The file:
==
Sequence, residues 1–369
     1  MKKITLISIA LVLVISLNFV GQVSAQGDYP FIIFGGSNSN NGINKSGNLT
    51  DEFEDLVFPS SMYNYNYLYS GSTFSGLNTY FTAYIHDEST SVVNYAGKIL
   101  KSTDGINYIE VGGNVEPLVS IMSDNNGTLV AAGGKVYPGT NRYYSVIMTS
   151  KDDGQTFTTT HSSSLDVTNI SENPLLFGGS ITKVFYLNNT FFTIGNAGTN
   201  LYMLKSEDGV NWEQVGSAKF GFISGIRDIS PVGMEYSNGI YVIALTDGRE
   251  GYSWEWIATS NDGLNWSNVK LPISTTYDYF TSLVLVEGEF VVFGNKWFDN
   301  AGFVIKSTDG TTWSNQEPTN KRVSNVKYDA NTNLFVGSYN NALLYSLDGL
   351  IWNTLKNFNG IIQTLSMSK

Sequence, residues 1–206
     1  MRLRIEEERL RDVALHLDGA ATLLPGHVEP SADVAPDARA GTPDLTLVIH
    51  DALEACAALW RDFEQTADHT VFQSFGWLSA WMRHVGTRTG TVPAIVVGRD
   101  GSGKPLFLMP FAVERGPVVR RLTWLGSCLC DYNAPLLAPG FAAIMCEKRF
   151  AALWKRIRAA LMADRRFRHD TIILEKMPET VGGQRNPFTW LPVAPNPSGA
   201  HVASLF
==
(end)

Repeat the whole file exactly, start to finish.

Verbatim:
Sequence, residues 1–369
     1  MKKITLISIA LVLVISLNFV GQVSAQGDYP FIIFGGSNSN NGINKSGNLT
    51  DEFEDLVFPS SMYNYNYLYS GSTFSGLNTY FTAYIHDEST SVVNYAGKIL
   101  KSTDGINYIE VGGNVEPLVS IMSDNNGTLV AAGGKVYPGT NRYYSVIMTS
   151  KDDGQTFTTT HSSSLDVTNI SENPLLFGGS ITKVFYLNNT FFTIGNAGTN
   201  LYMLKSEDGV NWEQVGSAKF GFISGIRDIS PVGMEYSNGI YVIALTDGRE
   251  GYSWEWIATS NDGLNWSNVK LPISTTYDYF TSLVLVEGEF VVFGNKWFDN
   301  AGFVIKSTDG TTWSNQEPTN KRVSNVKYDA NTNLFVGSYN NALLYSLDGL
   351  IWNTLKNFNG IIQTLSMSK

Sequence, residues 1–206
     1  MRLRIEEERL RDVALHLDGA ATLLPGHVEP SADVAPDARA GTPDLTLVIH
    51  DALEACAALW RDFEQTADHT VFQSFGWLSA WMRHVGTRTG TVPAIVVGRD
   101  GSGKPLFLMP FAVERGPVVR RLTWLGSCLC DYNAPLLAPG FAAIMCEKRF
   151  AALWKRIRAA LMADRRFRHD TIILEKMPET VGGQRNPFTW LPVAPNPSGA
   201  HVASLF